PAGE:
TP-Link routers allow anyone to change your WiFi password

Currently we can find routers virtually anywhere, whether it’s workplaces, malls, schools and homes, people need (or think they need) to always be connected to the Internet. However, despite being widely used, routers are of the technological devices with the most security flaws, ensure ethical hacking experts.

The X-Force research team, from the renowned technology firm IBM, released a report on finding a zero-day vulnerability in the firmware of TP-Link Archer C5 routers, version 4.

This is the first job developed on this flaw, present in the company’s solutions for home and business environments. According to researchers in ethical hacking, if exploited, this vulnerability would allow a remote threat actor to take control of device settings via Telnet to connect to a File Transfer Protocol server (FTP) over LAN or WAN.

Exploiting this vulnerability would give the attacker administrator privileges due to the characteristics inherent in these devices, so it is considered critical severity.

In addition, risk increases in enterprise environments, as routers often have guest WiFi enabled. A compromised device in an enterprise environment could be used by a hacker to infiltrate the company’s networks with relative ease, from where it could deploy some network recognition maneuvers and side channel attacks.

After the discovery, the IBM team of researchers reported the vulnerability to TP-Link according to the parameters set by the cybersecurity community. The company acknowledged the report and announced a number of measures to mitigate the risk of exploitation.

Simply put, vulnerable HTTP requests lead to the override of the device administrator password. When a shorter-than-expected string is sent as a user password, the password value is distorted in some non-ASCII bytes. On the other hand, when the string is too long, the password is completely overridden and replaced with an empty value. These devices have only one type of user (administrator with root privileges), so a hacker may take the administrator’s place to take control of the affected device.

To trigger the vulnerability and take control of the device, only sending the correct request is required, as shown in the following example. Arguably, there are two types of requests: safe and vulnerable. A non-vulnerable HTML request has two parameters: the TokenID and the JSESSIONID. However, CGI validation is only based on the reference’s HTTP headers. If this matches the IP address or associated domain, the router server recognizes it as valid.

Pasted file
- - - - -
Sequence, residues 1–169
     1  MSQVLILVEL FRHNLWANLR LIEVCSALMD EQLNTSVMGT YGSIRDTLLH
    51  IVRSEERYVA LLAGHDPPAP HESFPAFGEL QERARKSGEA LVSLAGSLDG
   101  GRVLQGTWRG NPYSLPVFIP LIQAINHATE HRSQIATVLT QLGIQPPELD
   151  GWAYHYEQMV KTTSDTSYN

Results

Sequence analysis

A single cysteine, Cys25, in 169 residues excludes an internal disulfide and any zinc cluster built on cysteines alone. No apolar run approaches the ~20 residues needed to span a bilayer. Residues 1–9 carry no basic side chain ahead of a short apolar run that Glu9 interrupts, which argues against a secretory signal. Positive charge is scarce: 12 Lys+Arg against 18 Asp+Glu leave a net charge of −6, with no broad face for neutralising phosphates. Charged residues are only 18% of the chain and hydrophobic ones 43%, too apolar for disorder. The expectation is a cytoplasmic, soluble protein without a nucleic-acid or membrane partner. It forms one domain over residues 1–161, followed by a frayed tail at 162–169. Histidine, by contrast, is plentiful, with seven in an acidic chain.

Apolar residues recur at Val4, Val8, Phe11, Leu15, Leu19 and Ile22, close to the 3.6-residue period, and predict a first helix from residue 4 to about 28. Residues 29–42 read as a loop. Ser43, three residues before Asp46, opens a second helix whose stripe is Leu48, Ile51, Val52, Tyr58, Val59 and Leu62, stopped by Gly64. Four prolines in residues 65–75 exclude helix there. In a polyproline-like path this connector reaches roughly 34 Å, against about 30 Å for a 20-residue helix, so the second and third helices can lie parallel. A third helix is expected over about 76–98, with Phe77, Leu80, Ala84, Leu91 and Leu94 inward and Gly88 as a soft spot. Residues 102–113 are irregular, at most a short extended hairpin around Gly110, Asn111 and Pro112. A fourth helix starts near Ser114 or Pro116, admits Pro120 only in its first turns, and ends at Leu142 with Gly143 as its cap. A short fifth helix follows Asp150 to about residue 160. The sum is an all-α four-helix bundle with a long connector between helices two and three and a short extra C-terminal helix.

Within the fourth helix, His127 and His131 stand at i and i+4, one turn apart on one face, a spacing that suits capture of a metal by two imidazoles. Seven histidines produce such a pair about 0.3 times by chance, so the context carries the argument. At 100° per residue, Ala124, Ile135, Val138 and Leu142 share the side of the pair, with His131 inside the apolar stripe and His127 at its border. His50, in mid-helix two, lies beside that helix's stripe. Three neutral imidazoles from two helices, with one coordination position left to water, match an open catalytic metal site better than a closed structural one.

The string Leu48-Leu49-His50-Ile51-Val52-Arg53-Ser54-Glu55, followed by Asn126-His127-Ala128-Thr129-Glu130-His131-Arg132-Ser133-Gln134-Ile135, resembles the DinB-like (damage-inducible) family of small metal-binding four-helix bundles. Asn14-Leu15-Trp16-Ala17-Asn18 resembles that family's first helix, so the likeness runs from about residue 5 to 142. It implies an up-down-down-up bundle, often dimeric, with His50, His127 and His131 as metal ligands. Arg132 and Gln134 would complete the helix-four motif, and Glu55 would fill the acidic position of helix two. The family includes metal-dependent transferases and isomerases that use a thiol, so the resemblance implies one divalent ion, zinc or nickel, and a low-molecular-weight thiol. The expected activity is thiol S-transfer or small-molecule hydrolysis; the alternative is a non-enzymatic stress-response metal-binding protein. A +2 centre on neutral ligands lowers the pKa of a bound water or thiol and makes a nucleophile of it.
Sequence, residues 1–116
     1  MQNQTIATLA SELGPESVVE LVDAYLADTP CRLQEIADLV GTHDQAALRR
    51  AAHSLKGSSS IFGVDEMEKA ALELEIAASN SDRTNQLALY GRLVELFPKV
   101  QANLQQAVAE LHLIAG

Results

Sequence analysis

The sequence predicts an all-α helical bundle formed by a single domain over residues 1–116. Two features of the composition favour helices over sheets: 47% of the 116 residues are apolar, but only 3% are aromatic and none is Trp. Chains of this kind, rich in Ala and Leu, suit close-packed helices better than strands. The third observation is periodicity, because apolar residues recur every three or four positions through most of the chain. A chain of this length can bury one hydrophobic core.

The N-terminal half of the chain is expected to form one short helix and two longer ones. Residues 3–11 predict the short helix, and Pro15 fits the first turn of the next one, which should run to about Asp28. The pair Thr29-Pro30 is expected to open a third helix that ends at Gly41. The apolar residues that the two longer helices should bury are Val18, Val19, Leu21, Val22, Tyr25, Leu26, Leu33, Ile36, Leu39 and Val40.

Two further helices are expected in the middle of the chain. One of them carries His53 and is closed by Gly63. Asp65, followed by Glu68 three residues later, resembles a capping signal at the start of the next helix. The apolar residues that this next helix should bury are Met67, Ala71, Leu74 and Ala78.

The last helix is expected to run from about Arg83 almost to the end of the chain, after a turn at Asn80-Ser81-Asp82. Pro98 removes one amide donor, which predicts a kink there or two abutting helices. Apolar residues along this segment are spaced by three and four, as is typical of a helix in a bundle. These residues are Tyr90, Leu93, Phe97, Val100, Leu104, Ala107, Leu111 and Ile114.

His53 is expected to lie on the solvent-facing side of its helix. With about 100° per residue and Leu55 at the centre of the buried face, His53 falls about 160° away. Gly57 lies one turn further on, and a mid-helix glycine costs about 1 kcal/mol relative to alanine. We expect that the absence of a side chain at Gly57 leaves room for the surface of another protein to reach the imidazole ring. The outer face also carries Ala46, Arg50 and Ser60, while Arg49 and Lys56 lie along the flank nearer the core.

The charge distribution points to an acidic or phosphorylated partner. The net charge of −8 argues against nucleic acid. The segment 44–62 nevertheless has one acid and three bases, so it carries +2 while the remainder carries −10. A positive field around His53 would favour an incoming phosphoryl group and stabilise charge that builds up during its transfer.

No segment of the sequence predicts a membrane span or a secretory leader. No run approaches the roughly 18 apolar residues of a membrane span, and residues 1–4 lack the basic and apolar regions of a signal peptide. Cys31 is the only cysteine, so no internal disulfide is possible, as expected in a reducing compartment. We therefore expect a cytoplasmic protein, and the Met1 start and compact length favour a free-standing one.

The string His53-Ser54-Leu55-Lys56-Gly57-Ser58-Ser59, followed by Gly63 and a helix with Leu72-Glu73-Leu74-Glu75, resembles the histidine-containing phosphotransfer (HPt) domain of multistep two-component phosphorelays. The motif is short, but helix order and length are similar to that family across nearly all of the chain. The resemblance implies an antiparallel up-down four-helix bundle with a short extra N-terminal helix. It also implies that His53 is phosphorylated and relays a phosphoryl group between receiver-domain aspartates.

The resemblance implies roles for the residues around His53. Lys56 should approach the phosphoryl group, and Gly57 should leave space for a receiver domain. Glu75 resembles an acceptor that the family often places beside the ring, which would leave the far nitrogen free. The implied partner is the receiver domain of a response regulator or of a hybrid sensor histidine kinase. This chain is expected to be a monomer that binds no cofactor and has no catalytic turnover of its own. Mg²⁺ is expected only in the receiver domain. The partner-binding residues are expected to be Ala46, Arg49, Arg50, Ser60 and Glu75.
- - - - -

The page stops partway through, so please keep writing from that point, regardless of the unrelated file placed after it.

If that referrer is removed from the header, the request will return a “Forbidden” response.

This issue affects HTTP POST and GET requests in the same way, overriding the administrator password when the string length exceeds the allowed number of bytes; this is, therefore, a kind of overflow failure, ethical hacking experts mention.

Using the version number of the memory chip, the researchers found all the device firmware information. During the extraction of this information an RSA private key was found stored in memory. This key is used to encrypt and decrypt users’ passwords when accessing the router’s web interface.

After extracting the firmware, login data stored in the rootfs/etc folder was found. The default username and password were extremely weak. Leaving the default combination as is can allow access to an FTP server and grant access to the console.

With root access, the researchers gained some control over the binaries. With the help of some tools, static and dynamic analyses were performed to locate exactly where the vulnerability resided. Below is the relevant part of the parsed HTTP header seen in IDA:

The next step was to verify what happens to the password file when a vulnerable request is sent by using different string lengths, sending a password longer than the allowed number of characters.

The password is completely revoked and its value is empty. From this moment on, it is possible to access TELNET and FTP without any password, using only “admin” as the username, which is the only user available on the device by default.

International Institute of Cyber Security (IICS) ethical hacking specialists recommend that users who have not upgraded their systems go to TP-Link’s official site, where, in addition to updates ready to be installed, they will find other details available about the incident.

Originally published at https://www.securitynewspaper.com on December 17, 2019.

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